With his victory, Tyler, the “Polish Prince,” made history, becoming the youngest driver ever to win a NASCAR-sanctioned race at Monadnock. Tyler is in the Thunderstock racing division, which has no age limit, and he often competes with 25-year veterans often more than three times his age. Tyler now sits in fifth place in points for the season, and with four races left, Janovsky said his latest accomplishment only makes him “more hungry.”
At 13, Tyler can’t even get a Vermont learner’s permit for two years, but he spends every other weekend reaching speeds of 85 mph on a quarter-mile circle. “Driving is the best part,” said Tyler. “It was surprising to win, but it was great.”
The Polish Prince’s car is black with an orange interior and dons the stickers of 15 local sponsors, from Wayne Corse Excavating, to Briggs Automotive, and Grandma and Grampa Birch. Taking its place above his sponsors is his first-ever victory sticker, along with a trophy that sits high on a shelf in the family garage. But Tyler’s race to the top started with a motorless chassis that his father, Stanley Janovsky Jr., traded for a tractor. Over time, and with the help of family and friends, the Janovsky men were able to bring the car up to working order, with Dave Briggs, of Briggs Automotive, letting the car sit on one of his lifts for two months as he built Tyler’s car a motor.
It has taken trial and error and a lot of fine tuning for Tyler Janovsky’s car to become a winner, but racing it was only a matter of time as racing is in the Janovsky blood. Tyler’s grandfather, Stanley Janovsky Sr., used to race in the 1960s on the dirt track of Twin State Raceway.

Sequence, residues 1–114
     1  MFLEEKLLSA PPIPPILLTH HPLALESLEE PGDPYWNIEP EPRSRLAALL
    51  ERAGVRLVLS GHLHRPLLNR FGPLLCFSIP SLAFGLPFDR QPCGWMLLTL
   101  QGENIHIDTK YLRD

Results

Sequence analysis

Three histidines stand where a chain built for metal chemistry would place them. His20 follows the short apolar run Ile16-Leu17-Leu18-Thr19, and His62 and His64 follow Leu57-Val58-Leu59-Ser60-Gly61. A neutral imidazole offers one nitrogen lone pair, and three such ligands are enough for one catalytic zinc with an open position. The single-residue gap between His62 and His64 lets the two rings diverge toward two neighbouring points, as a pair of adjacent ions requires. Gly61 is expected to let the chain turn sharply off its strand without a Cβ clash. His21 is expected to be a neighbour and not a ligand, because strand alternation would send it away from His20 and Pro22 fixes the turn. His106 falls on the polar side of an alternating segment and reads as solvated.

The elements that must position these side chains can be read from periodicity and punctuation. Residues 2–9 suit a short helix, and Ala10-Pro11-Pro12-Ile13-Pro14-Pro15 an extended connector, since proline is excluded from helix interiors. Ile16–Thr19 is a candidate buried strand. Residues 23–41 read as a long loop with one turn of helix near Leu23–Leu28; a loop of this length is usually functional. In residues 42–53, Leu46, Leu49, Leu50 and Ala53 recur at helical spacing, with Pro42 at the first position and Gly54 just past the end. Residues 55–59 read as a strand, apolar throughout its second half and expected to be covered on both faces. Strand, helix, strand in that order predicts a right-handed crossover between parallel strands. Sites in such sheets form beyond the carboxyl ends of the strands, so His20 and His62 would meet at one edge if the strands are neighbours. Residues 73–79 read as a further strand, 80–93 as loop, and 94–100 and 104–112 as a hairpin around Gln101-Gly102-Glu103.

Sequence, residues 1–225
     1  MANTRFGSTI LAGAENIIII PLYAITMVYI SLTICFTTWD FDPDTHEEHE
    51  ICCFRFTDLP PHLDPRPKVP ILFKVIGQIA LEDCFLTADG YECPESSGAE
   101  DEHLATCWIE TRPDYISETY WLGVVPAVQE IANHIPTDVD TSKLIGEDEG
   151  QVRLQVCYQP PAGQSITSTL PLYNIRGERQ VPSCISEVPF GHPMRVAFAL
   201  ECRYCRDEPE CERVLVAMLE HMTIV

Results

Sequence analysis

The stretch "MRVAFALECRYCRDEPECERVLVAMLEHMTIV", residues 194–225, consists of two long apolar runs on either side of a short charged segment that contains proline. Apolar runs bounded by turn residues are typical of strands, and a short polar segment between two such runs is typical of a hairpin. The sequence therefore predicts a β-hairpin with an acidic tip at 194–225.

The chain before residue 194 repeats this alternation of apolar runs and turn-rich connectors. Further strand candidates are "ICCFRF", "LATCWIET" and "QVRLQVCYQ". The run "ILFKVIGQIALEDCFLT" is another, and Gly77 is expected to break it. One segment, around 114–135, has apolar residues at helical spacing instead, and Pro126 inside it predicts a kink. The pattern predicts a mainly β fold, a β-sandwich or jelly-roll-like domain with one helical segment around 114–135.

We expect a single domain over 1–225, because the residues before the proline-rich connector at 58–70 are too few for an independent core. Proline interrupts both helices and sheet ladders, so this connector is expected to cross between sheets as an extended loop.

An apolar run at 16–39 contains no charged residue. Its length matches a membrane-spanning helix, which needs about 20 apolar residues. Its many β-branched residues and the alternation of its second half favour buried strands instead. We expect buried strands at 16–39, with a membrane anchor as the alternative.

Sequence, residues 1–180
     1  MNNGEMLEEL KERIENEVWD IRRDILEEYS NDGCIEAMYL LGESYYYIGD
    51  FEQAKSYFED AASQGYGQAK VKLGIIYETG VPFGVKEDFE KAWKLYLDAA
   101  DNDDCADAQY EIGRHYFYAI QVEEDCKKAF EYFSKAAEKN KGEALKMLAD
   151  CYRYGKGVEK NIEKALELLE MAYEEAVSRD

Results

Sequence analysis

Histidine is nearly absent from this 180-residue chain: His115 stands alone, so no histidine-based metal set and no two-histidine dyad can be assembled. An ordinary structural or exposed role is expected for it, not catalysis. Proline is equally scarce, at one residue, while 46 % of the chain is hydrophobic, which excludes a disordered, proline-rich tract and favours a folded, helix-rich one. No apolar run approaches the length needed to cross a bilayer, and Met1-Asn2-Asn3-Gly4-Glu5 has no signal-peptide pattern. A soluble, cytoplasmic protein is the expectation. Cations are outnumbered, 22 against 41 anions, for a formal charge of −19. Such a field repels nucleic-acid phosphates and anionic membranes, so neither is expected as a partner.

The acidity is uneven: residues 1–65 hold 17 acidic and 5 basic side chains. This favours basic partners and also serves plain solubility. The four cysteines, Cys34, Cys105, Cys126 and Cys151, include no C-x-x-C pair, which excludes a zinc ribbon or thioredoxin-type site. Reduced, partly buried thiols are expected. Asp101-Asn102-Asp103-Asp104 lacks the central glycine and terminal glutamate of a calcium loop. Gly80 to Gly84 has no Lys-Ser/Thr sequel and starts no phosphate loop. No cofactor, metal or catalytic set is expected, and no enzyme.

“I asked Tyler’s mother what she thought about Tyler racing,” said Janovsky Jr. “I don’t think she believed how serious we were at the time, and she said ‘maybe.’ That was a yes to me.”
In his first year, Tyler came in fourth, racing in the young gun class at Claremont as a 12-year-old. Tyler goes to Twin Valley Middle School and also plays baseball, but his high-speed summer hobby is unlike that of any of his classmates. While his hobby can be expensive, Janovskky Jr. says the whole family loves to go see him tear up the asphalt.
“Fuel alone can reach $300,” said his father. “But honestly it doesn’t cost much more than buying a new snowmobile and going out with the family. When you have the family and the friends that we have that help fix it when things happen, it makes it easier.”
Tyler Janovsky, the Polish Prince, currently sits in fifth place, but has his sights set on fourth place with this weekend’s race, a mere 20 points away.